Neha Patil (Editor)

Calder Cup

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Covid-19
Sport  Ice hockey
Most recent  Lake Erie Monsters
First award  1936
Calder Cup
Given for  Winner of the American Hockey League playoffs

The Calder Cup is the trophy awarded annually to the champions of the American Hockey League. It is the second oldest actively awarded professional ice hockey playoff trophy after the NHL's Stanley Cup. The Calder Cup was first presented in 1937 to the Syracuse Stars.

The trophy is named after Frank Calder, who was the first president of the National Hockey League. The Calder Memorial Trophy, which is awarded annually to the Rookie of the Year in the National Hockey League, was also named after Calder.

The cup is made of sterling silver mounted on a base of Brazilian mahogany. In its current shape, the trophy has a two-tiered square base with commemorative plaques for each of the AHL's 20 most recent champions - 12 on the bottom tier and 8 on the top tier. Each time a new championship plaque is added, the oldest plaque is retired and joins a display at the Hockey Hall of Fame in Toronto.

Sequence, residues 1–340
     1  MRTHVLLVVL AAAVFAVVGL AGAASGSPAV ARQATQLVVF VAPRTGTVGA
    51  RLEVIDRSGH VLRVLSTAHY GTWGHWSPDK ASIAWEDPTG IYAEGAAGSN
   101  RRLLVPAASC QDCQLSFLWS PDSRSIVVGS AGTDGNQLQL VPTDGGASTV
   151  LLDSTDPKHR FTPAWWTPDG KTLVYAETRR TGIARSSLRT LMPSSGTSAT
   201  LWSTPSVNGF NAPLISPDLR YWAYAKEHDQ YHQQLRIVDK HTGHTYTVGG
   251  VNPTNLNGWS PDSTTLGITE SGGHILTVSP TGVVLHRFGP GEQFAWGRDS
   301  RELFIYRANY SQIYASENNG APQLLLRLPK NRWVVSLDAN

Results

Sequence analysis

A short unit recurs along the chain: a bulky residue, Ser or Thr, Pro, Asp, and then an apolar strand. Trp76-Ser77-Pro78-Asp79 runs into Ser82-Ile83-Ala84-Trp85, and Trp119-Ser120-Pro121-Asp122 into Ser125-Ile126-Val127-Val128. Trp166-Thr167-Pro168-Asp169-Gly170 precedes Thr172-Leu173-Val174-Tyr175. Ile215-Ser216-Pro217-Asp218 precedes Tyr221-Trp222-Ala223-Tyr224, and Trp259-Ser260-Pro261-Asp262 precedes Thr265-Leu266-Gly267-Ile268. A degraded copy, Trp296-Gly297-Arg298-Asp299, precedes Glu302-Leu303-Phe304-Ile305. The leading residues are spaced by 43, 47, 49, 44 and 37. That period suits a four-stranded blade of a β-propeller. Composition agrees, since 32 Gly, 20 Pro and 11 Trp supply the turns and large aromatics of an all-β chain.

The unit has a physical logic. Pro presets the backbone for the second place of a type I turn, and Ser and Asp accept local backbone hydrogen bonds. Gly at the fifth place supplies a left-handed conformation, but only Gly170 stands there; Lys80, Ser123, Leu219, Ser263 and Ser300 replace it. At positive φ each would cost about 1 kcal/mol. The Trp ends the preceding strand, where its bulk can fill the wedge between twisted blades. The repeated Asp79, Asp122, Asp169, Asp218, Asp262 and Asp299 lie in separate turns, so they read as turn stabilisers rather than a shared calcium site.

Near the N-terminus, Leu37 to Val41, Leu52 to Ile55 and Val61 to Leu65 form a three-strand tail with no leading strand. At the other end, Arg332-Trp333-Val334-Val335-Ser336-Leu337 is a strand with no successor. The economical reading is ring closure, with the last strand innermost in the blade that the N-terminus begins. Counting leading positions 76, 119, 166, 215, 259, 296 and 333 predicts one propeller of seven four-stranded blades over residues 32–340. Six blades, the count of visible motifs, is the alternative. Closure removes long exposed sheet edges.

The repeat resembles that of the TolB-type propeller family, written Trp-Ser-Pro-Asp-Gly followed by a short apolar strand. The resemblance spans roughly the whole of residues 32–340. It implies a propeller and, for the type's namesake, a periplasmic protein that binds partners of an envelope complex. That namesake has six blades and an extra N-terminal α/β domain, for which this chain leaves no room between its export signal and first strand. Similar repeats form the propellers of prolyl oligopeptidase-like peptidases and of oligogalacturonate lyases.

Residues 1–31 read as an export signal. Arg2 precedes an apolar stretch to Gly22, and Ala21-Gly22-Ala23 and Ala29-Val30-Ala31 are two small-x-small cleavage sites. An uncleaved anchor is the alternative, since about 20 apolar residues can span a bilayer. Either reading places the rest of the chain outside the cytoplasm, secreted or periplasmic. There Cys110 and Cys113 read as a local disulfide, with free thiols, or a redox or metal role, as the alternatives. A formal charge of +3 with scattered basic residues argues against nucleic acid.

The Hershey Bears have won the Cup more times than any other team, with eleven victories in franchise history. The Cleveland Barons come in second with nine; the Springfield Indians/Kings are third with seven. Eight teams have won back-to-back championships; the Springfield Indians of 1960-62 is the only team to have won three straight Calder Cup championships.

On three occasions an AHL club has won the Calder Cup coincidentally with its NHL affiliate winning the Stanley Cup: in 1976 and 1977 when the Montreal Canadiens and their AHL affiliate, the Nova Scotia Voyageurs both won, and in 1995, when the New Jersey Devils and Albany River Rats both won.

References

Calder Cup Wikipedia


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